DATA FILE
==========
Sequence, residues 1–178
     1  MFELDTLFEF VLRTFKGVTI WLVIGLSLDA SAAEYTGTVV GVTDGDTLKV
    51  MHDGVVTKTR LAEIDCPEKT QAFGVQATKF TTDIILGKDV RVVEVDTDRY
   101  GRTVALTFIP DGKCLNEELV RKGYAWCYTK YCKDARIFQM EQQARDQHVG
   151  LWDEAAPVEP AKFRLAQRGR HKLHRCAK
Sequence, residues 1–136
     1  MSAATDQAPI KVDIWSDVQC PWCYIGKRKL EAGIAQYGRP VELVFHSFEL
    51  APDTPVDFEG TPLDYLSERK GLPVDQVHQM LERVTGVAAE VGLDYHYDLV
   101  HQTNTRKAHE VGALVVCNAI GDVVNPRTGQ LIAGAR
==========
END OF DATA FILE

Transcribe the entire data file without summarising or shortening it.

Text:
Sequence, residues 1–178
     1  MFELDTLFEF VLRTFKGVTI WLVIGLSLDA SAAEYTGTVV GVTDGDTLKV
    51  MHDGVVTKTR LAEIDCPEKT QAFGVQATKF TTDIILGKDV RVVEVDTDRY
   101  GRTVALTFIP DGKCLNEELV RKGYAWCYTK YCKDARIFQM EQQARDQHVG
   151  LWDEAAPVEP AKFRLAQRGR HKLHRCAK
Sequence, residues 1–136
     1  MSAATDQAPI KVDIWSDVQC PWCYIGKRKL EAGIAQYGRP VELVFHSFEL
    51  APDTPVDFEG TPLDYLSERK GLPVDQVHQM LERVTGVAAE VGLDYHYDLV
   101  HQTNTRKAHE VGALVVCNAI GDVVNPRTGQ LIAGAR